Winter is the perfect time to explore the natural stone shelters where native Arkansans once lived
I have a watercolor confession to make. I am not a fan of the accidental made intentional. I like watercolors that are controlled by the artist, rather than the other way around. This makes me picky. Sometimes I'll skip a watercolor exhibit.
But I didn't skip the "Mid-Southern Watercolorists" 40th annual juried exhibition at the Arkansas Studies Institute, and I was well rewarded. These artists have won the war with their medium and the River Market district gallery highlights just how different their battle plans can be. Dean Mitchell — a great watercolor artist himself whose work can be found at Hearne Fine Art — was the judge.
Jacquelyn Kaucher won the Arvest Bank Gold Award for her large and tricky "Fish," a batiky composition of loosely drawn and tightly composed fishes, with the judicious use of bits of sparkling something representing the glint of scales. It's huge, painted on a scale (no pun intended) not easily achieved in watercolor.
I kept going back to a smaller watercolor by Margaret Harrell of Mountain View. Harrell uses watercolor like acrylic, overpainting with highlights and using a woodcut-like stroke. A man on a horse is passing a building; his reflection in a window precedes him. I'm not horse-crazy, or cowboy-crazy, or cinderblock-building-crazy, but I really like this painting because of Harrell's technique.
I'm not sure why a Michigan artist is in the Mid-Southern Watercolorists show, but I was glad to see Fredrick Bidigare's "Bad Girl" (which I believe is erroneously titled "New Day" in the free catalog that comes with the show), an image of a shadowy woman yielding a knife. A block of red in the lower right-hand corner and a jag on her face and the end of the knife are juxtaposed with the otherwise gray and black composition. I love how Bidigare has suggested movement in her arm.
There's not a single random flow of color in Htun Tin's "Go Hawaiian," a super painting of storefronts on a sun-bathed city street; this California artist is as skilled in light, shadow and hard-edge landscape as juror Mitchell.
There are many notable works in the show — Sue Harvey's "Burst of Summer," which escapes the floral genre by shoving the lillies into one corner and letting them trail off into abstracted blooms; Joyce Hartmann's "At the All You Can Eat Buffet," a pen and watercolor illustration; Barbara Edward's "Carolina Wrens," a Diebenkorn-meets-bird done in paint thick enough to scrape; Ron Licklider's "Flapper," a portrait in washes of color. You can preview the work on the MSW website, midsouthernwatercolorists.com.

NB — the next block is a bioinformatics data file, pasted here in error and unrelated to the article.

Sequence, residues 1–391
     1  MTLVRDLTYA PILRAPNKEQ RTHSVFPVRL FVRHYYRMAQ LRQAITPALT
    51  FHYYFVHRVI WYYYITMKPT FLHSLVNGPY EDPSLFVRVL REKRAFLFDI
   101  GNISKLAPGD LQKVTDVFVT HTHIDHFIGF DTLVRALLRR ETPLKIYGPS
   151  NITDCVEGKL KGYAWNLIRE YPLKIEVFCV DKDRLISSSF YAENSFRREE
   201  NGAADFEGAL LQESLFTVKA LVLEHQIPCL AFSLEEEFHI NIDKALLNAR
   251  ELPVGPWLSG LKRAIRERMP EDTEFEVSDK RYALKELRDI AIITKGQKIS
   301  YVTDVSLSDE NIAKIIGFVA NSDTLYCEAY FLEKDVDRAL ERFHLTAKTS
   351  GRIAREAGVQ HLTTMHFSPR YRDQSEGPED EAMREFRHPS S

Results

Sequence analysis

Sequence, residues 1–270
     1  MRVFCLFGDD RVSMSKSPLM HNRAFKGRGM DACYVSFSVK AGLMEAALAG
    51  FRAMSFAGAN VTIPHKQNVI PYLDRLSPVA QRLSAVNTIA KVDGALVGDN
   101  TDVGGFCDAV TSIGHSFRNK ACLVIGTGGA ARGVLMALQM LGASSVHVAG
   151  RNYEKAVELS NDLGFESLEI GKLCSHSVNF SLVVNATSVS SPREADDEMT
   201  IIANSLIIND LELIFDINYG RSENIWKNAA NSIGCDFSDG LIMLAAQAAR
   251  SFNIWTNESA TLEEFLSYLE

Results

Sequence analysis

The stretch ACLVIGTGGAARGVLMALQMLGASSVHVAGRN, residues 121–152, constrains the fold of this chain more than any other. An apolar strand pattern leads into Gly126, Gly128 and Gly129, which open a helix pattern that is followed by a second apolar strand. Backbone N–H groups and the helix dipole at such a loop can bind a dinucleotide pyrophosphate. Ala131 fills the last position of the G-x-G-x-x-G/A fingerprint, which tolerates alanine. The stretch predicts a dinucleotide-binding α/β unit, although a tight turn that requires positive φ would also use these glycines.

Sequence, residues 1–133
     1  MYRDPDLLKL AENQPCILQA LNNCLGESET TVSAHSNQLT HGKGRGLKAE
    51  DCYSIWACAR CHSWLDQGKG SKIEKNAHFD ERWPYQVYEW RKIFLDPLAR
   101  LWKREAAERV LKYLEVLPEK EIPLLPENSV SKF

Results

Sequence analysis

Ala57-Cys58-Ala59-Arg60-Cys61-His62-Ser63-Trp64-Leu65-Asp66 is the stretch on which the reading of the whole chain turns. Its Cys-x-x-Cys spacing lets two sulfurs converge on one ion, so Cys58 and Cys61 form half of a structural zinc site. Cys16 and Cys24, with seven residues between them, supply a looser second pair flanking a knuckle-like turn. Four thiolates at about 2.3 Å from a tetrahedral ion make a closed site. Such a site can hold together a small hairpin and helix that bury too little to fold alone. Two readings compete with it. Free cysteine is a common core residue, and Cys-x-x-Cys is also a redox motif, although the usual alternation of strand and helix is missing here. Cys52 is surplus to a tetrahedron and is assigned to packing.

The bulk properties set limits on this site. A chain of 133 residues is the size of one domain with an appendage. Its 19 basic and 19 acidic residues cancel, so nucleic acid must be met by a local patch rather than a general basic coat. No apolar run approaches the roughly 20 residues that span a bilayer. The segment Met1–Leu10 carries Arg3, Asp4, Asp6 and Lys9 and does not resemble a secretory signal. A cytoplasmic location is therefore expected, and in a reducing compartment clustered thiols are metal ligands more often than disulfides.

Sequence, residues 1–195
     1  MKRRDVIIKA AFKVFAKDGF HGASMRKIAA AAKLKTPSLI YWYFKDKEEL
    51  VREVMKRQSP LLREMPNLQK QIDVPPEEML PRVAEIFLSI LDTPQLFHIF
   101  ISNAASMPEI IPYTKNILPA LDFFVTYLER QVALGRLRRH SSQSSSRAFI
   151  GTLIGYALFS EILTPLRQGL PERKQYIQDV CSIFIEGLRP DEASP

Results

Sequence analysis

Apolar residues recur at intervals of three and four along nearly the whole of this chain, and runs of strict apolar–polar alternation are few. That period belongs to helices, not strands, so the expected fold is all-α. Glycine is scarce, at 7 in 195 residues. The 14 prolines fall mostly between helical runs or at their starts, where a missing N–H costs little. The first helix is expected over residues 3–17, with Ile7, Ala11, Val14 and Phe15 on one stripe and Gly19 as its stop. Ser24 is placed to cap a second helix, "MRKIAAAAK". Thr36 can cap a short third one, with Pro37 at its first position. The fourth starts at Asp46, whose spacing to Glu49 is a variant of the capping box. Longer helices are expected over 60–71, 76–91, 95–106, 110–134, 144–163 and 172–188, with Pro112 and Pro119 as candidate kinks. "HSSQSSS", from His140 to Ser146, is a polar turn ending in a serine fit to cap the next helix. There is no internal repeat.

The third Friday of the month draws nigh, which means galleries in the Argenta neighborhood of North Little Rock are gearing up for a night of ArtWalk fans. Here's the July 16 roster: At Greg Thompson Fine Art, ASU professor Roger Carlisle is showing his work in a show called "Light in the Landscape." Ketz Gallery features the work of neopointillist (my moniker, not necessarily one he'd chose) Tim Jacob, and pastel artist Virmarie DePoyster will demonstrate how she works at the Thea Foundation and the 2nd floor THEArtists Studios will be open for a meet-and-greet. Look for other artists up and down Main Street as well.
On Saturday, July 17, Gallery 26 will host an opening reception for artists Becki Lamascus and Katherine Strause, who are showing paintings and mixed media work there through Sept. 14. Lamascus' work plays with the nasty, brutish and short facts of life with a touch of humor; Strause touches on our common history in her work inspired by old photographs. The reception is 6 p.m. to 9 p.m.; the Winston Family Orchestra will play.
Speaking of DePoyster, a note on her blog pointed us to an exhibit at the South Arkansas Arts Center in El Dorado. The 2010 Annual Juried Exhibit was this year judged by David Houston, chief curator at the Ogden Museum of Southern Art in New Orleans. He chose 38 works (including one by DePoyster) from 347 entries from artists in Arkansas and Louisiana and states on the East and West coasts as well. An award ceremony and reception is Saturday at the SAAC.
Building a lead so rapidly and holding it in games, even professional football, is difficult…